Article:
SPOKANE, Wash. — They are stationed at most highways and byways of the Palouse right
now as roads are being readied for fall and winter — troops of hard-hatted, flag-bearing,
fluorescent-garbed workers for whom signs read: “Give ’em a brake!” Now, Washington State
University will help highway workers learn to avoid the perils of road rage.
As many as 250 such road and street maintenance personnel are expected to gather in
Spokane Oct. 4-7 for the 37th Annual Road and Street Maintenance Supervisors’ School, and
another 350 will attend in Tacoma Dec. 6-8.
This year’s school, sponsored by WSU, will be prefaced at both sessions with a “Traffic
Solutions” workshop. It is geared for those who sign, stripe or flag on roads, and whose daily
work may incur the wrath of impatient or aggressive drivers.
This year, hundreds of thousands of U.S. road and street workers will put their own safety
on the line to improve others’ drives. They risk injury and even fatality, as well as daily abuse. In
1996, according to the American Traffic Safety Services Association, more than 37,000 were
injured and 719 killed in work zone accidents in the U.S. More than 80 percent of these statistics
involved a passing motorist.
Les Pope, program manager for the Washington Traffic Safety Commission, will present tips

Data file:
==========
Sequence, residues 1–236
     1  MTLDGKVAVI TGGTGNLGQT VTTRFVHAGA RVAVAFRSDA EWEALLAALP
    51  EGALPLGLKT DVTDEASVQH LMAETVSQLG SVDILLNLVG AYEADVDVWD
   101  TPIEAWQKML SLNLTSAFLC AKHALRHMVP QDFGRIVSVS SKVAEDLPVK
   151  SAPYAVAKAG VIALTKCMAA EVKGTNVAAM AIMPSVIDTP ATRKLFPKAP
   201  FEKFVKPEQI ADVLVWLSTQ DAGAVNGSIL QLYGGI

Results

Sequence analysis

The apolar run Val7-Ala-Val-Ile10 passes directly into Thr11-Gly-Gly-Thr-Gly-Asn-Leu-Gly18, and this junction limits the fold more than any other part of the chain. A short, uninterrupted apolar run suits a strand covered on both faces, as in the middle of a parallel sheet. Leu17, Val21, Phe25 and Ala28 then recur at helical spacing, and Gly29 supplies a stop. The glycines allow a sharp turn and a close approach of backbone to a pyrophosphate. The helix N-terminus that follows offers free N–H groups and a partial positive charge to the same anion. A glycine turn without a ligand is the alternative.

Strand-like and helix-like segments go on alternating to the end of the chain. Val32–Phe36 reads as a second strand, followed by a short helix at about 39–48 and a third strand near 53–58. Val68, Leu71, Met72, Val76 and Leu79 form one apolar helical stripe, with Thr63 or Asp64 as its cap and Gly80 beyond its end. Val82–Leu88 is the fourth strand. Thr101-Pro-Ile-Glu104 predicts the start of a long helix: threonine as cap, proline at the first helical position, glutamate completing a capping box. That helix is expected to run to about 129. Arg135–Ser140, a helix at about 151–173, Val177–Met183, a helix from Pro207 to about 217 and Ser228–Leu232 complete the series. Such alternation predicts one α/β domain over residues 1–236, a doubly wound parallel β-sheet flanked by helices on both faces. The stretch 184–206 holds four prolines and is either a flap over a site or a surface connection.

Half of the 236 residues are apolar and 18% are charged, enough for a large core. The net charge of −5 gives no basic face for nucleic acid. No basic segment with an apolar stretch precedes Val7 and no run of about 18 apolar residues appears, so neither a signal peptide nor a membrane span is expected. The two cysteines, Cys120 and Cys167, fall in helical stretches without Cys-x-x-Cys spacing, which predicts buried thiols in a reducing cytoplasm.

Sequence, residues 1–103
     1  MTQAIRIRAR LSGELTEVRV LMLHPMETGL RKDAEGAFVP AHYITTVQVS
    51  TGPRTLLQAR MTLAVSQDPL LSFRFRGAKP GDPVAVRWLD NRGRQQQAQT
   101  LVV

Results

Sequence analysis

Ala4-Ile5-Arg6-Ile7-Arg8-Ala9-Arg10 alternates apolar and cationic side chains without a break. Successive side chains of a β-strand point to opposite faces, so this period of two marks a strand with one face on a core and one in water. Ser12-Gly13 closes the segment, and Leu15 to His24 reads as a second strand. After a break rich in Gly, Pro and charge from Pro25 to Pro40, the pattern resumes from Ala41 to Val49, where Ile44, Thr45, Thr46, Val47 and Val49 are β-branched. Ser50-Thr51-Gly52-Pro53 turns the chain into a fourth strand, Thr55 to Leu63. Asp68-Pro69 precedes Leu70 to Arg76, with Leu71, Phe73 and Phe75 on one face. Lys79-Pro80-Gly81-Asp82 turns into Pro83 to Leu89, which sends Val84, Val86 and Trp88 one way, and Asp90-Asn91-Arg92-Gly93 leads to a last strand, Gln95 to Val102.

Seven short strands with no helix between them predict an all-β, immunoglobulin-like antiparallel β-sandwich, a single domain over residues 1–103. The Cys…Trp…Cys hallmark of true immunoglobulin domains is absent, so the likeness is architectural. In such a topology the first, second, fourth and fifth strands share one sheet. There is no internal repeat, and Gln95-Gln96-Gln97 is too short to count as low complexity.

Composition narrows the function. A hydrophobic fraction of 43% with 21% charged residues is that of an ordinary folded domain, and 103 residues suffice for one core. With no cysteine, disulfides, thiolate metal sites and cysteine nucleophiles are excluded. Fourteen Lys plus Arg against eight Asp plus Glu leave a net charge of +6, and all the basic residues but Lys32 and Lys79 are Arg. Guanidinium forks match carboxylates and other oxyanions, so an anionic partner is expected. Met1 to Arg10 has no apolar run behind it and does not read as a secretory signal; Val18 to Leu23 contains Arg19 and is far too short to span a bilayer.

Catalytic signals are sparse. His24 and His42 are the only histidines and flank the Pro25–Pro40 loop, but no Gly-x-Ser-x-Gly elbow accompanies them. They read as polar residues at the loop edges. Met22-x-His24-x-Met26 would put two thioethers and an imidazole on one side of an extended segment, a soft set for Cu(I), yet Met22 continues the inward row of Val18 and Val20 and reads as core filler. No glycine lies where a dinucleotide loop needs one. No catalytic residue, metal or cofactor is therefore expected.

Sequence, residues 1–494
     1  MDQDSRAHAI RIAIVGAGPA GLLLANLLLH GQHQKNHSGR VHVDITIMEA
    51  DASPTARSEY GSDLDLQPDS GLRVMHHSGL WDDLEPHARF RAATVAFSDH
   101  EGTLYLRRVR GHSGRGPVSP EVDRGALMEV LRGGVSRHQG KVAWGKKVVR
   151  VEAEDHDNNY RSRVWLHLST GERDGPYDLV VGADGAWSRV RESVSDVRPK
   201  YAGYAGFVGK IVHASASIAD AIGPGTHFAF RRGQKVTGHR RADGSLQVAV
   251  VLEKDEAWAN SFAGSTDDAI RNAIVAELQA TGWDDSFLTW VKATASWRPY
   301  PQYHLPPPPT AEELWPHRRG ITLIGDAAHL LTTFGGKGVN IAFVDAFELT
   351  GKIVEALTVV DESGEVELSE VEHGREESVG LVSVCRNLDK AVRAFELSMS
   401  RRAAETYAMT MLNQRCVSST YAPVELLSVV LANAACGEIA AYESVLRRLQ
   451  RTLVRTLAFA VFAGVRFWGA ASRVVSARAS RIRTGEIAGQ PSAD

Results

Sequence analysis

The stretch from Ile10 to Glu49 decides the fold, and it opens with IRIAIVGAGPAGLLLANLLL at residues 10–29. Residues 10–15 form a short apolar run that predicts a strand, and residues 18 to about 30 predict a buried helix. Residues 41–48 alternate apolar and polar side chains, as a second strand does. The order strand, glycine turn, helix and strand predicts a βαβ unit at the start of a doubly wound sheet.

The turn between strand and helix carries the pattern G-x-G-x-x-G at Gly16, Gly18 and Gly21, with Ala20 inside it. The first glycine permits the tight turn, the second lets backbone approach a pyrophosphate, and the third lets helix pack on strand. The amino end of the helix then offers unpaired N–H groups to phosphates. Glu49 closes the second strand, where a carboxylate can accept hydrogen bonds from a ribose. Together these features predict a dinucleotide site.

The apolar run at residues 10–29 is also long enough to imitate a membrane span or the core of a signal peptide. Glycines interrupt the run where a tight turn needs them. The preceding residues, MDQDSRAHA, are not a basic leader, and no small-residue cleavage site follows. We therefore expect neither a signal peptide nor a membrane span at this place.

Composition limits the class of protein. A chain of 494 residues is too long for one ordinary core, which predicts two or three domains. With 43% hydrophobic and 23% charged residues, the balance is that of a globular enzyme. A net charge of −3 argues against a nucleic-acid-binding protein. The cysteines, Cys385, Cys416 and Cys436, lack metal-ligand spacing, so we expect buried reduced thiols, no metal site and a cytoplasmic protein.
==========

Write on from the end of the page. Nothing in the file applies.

at the Traffic Solutions workshop on dealing with road rage and improving workplace safety in
construction zones. Darlene Sharar, traffic technology engineer from the Washington
Technology Transfer Center, will tell how fatalities might be reduced by as much as 60 percent
through appropriate signing, striping and road engineering.
The Road and Street conference will include workplace personnel issues, environmental
issues, concrete pavement repair, maintenance and ditching spoils, Y2K and emergency
response, maintenance equipment, and more.
The October event will be held at the DoubleTree Hotel Spokane Valley, and the December
event is at the Sheraton Tacoma Hotel.
For more details, see or contact
Washington State University’s Conferences & Institutes at 800/942-4978 or
.
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